Wednesday, May 12, 2004
choose your style: neoclassical | blue | modern | nouveau


I've been writing too much about politics lately. But yesterday's senate hearing remarks by James Inhofe need to be remembered because they remind Americans exactly what's at stake. He's the guy who complained about do-gooders:

These prisoners, you know they're not there for traffic violations. If they're in cellblock 1-A or 1-B, these prisoners, they're murderers, they're terrorists, they're insurgents. Many of them probably have American blood on their hands and here we're so concerned about the treatment of those individuals.

These prisoners, of course, have neither been charged, nor tried, nor convicted. Inhofe said this while sitting at the same table as John McCain, who for several years was a prisoner of war. McCain's captors knew that he was an insurgent, fighting an undeclared war against their homeland. They knew McCain had Vietnamese blood on his hands. To make such a statement to McCain's face, well, it's got to recall the beating that Congressman Preston Brooks administered to Charles Sumner on the senate floor in 1856.

Joshua Micah Marshall: I don't think I can remember a more shameful spectacle in the United States Congress, in my living memory, than the comments today of James Inhofe, the junior senator from Oklahoma.

To sanction beatings and killings of people -- soldiers or civilians -- who have fought your army and whom you have captured, is despicable. We hold ceremonies today to honor civilian insurgents who murdered Nazi soldiers and whom the Nazi's interrogated, tortured, and executed.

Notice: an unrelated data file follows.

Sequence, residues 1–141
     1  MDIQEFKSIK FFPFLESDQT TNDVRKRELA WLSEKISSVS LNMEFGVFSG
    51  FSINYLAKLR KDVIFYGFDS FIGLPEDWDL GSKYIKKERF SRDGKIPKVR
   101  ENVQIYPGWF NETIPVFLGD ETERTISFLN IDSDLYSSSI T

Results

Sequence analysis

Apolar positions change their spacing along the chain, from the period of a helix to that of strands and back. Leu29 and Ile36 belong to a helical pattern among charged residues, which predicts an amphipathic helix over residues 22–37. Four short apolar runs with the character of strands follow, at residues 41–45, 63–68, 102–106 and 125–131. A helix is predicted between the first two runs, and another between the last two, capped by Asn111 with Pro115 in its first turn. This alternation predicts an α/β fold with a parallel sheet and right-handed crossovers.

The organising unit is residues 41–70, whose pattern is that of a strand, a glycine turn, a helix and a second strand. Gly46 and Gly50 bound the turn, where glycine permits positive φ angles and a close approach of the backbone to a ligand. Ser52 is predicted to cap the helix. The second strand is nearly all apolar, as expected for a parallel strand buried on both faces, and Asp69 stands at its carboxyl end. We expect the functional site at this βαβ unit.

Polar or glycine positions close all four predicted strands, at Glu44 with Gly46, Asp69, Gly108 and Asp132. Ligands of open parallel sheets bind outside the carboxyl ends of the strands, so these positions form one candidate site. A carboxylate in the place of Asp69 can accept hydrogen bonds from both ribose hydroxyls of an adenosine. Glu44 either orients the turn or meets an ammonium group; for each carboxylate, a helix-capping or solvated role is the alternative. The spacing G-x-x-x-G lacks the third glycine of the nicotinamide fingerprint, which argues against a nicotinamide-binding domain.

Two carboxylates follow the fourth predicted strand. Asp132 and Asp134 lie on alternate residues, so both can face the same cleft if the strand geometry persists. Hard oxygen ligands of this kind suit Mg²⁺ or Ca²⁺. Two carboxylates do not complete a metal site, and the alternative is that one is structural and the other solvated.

What are these Republicans thinking? Our declaration of independence is clear: we hold these truths to be self-evident. The Geneva convention is clear -- and is our sworn word:

Washington Post: The Third Geneva Convention, which applies to prisoners of war and captured insurgents, says that they may not be threatened, insulted, or exposed to any unpleasant or disadvantageous treatment of any kind as a way to make them answer questions. The Fourth Geneva Convention, which covers people under foreign occupation, says no physical or moral coercion shall be exercised against them, in particular to obtain information from them or from third parties.

Bottom line. I think we'll repudiate these fools and criminals in a few months. We'll start writing the books that will explain to future generations how the United States of America, briefly, was provoked to madness and defiled its ideals. We'll set about apologizing to our friends abroad, we'll free the prisoners held without trial, we'll end the lies.

Or we won't. In which case, I think it might be time to think seriously about whether there's a place -- perhaps in a northern fjord or a vacant part of Australia, where Americans of intelligence and liberality, Americans who believe in freedom, can go.

Some corner of the world where we might tell the tale, and keep alive the memory, of the last, best hope of mankind.